Joanna Wang – Galaxy Crisis: The Strangest Midnight Broadcast
Release Date 16 March 2013
Label: Sony/Summer Breeze Music Production
- Galaxy Prologue
- Coins [MV]
- Pressure’s On Me (Space Station Theme)
- The Antagonist
- Evil Nerd Theme
- Remote Control
- Meteor One (Inside The Man Of A Wrestling Fanatic
- Enlightenment [MV]
- You And Me [MV]
- The Rabbit Chase/Garden Party On Mars
- An Audience With The King
- Galaxy Crisis
- Chitterchat (TV Theme)
- The Chicken Circus (Crash Detour into the Chip Galaxy)
It’s official: I’d never know what I’m missing if it wasn’t for Amy’s attention to what is sure to interest me. A video-game-inspired album with a voice reminiscent of Mari Wilson? Yeah, that’s definitely an addition to the “Things That Will Always Make Me Happy” list.
Joanna Wang’s latest album is a bit of nerdy fun mixed with a 1960s mod-style vocal. When I first heard her voice I was actually rather shocked. Who is this Taiwanese pixie with a voice that really doesn’t belong to her? It was so jarring I went on a hunt similar to the pheasant hunts of old. Add to that her music video for lead single You And Me, a literal level in an old-school Atari game, and you’ve got me hook, line, and sinking battleship.
But take away the nostalgic hysteria of her music videos and the wonky visual style of Yoshaw, and the only thing you’ve got is the music and the voice. It’s obvious vocally Joanna Wang is a contradiction: a woman with the flair for a more acoustic “indie” sound but with a voice that reveals an adoration for singers like Doris Day and Nancy Sinatra. It’s lovely and unexpected. It also shows a deep knowledge of music history — no doubt compliments of father Wang Chi-ping, a renowned producer in the music industry. As such the disparate sound of classic 80s and early 90s video games with her voice is a welcome bit of nuance for anyone annoyed with the current pop music landscape.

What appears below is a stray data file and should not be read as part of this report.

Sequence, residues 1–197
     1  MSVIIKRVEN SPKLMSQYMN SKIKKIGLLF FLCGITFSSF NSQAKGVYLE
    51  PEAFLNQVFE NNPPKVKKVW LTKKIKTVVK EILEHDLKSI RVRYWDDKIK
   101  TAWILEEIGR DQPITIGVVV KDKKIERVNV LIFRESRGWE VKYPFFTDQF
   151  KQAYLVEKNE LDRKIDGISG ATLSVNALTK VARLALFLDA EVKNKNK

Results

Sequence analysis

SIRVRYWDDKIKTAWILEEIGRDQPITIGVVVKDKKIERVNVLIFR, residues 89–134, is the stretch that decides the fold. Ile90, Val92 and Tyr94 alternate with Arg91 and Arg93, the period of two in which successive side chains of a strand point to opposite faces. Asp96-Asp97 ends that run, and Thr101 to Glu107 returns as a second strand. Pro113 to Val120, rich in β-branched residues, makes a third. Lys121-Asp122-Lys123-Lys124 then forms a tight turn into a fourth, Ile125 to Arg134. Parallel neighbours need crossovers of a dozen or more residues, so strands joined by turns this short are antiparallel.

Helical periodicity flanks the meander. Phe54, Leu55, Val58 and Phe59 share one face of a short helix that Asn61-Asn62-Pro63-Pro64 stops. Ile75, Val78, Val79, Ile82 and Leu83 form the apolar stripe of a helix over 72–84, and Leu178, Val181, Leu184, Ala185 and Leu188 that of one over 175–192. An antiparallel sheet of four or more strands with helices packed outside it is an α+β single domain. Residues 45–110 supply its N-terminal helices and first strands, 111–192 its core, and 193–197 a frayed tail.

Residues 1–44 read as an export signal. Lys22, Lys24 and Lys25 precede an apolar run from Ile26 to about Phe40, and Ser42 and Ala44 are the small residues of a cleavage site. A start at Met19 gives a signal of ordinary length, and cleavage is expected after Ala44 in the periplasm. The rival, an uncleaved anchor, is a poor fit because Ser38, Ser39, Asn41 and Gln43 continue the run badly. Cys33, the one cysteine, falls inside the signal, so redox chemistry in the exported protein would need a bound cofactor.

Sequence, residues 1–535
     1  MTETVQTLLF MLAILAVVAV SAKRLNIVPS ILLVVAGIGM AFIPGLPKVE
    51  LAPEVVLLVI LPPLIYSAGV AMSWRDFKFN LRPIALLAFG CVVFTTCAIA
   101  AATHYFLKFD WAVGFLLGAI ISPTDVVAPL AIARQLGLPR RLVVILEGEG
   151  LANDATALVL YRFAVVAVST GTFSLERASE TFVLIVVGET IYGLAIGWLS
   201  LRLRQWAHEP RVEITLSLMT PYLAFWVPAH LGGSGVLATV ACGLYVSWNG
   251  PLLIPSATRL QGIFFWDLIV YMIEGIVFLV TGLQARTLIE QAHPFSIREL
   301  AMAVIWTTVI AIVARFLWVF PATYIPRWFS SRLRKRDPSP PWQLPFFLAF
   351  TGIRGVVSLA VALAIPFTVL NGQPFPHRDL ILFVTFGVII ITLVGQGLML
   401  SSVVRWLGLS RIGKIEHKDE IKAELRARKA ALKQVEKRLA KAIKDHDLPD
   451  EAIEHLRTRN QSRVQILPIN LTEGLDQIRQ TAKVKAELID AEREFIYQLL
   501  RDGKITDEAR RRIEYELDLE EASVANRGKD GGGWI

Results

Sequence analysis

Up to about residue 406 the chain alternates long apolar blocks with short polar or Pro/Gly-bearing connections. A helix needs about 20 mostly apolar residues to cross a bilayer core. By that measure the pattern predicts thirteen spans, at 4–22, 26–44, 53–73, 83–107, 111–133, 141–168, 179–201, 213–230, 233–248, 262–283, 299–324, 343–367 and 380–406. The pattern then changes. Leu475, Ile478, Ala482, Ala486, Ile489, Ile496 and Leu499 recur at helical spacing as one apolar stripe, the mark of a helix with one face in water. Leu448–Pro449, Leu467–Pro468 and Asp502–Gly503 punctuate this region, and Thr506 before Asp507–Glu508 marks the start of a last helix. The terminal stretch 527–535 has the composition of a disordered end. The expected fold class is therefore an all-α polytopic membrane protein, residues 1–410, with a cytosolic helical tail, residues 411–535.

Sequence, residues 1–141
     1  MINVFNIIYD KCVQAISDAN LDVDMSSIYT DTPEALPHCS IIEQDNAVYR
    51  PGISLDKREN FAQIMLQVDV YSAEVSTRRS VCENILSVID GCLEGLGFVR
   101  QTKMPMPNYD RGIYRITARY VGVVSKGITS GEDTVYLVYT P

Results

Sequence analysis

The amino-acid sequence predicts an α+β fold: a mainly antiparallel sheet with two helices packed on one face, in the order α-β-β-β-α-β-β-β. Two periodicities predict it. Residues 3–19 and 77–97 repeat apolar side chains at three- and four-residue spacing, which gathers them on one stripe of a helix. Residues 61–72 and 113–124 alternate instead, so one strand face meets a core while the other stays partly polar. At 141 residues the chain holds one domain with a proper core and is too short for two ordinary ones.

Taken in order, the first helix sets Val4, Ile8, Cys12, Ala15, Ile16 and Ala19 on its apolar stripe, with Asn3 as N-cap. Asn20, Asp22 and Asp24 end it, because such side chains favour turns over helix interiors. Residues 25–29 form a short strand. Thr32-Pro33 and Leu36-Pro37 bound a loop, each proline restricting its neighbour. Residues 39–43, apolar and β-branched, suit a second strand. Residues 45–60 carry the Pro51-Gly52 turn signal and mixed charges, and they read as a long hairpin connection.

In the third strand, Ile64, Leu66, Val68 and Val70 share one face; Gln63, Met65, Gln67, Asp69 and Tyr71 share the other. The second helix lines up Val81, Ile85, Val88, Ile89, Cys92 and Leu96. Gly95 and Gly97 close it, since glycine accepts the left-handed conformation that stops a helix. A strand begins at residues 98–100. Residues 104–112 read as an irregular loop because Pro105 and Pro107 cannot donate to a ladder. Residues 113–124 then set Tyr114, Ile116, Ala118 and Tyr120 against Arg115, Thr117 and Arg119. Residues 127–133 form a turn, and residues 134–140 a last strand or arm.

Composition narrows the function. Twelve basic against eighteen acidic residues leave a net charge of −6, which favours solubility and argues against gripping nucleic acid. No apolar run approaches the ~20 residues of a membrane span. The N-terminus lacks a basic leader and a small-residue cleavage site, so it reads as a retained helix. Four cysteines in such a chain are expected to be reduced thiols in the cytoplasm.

As it is, the music itself is fascinating. Clearly, Wang’s love of video games sort of overtook her sense of reality. Taking the tinny Yamaha keyboard midis of Castlevania and Tetris, Wang builds each song like a world in her favorite games. It’s innovative, incredibly creative. However, after a while the sound becomes a bit too much and, sadly, one-note. This is, essentially, the soundtrack to a video game and sets itself up as such with the first track, Galaxy Prologue. And while it’s not something that’s really being done in pop music — at least, not on this scale — it becomes overkill about half-way through the album. The use of live band instrumentation saves it from being too monotonous (Remote Control, Galaxy Crisis), but, again, the overarching theme dictates composition.
So that leaves the lyrical content, which is straightforward and not exactly more than what’s on the surface. The words are simple enough to wrap around the syncopated rhythms of the music, as such there’s nothing exceptionally complex about them. Though the imagery in some of the songs is actually quite beautiful and fun (as in Coins, The Antagonist, and An Audience With The King), the lyrics mostly lend themselves to the music and oftentimes is overpowered by it. If the music wasn’t so heavy-handed it would’ve allowed listeners to engage with the songs more completely, but as it is, the music does become overbearing.
The heaviness of the video game theme may be a bit too much at times, but there’s no denying Galaxy Crisis is a genuinely fascinating album. It’s creative, nuanced, and truly unique. It fits in a very particular niche. However, at the end of the day, it’s a great bit of fun and certainly allowed Joanna Wang to use her voice and imagination to create something that no one has quite heard before.
Standout Songs: Coins, Remote Control, You And Me, Galaxy Crisis, Chitterchat (TV Theme)